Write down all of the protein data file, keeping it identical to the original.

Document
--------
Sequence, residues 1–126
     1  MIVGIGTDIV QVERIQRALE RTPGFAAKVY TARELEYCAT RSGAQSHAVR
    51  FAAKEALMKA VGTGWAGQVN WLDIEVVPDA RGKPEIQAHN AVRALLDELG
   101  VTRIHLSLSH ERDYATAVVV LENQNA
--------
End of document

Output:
Sequence, residues 1–126
     1  MIVGIGTDIV QVERIQRALE RTPGFAAKVY TARELEYCAT RSGAQSHAVR
    51  FAAKEALMKA VGTGWAGQVN WLDIEVVPDA RGKPEIQAHN AVRALLDELG
   101  VTRIHLSLSH ERDYATAVVV LENQNA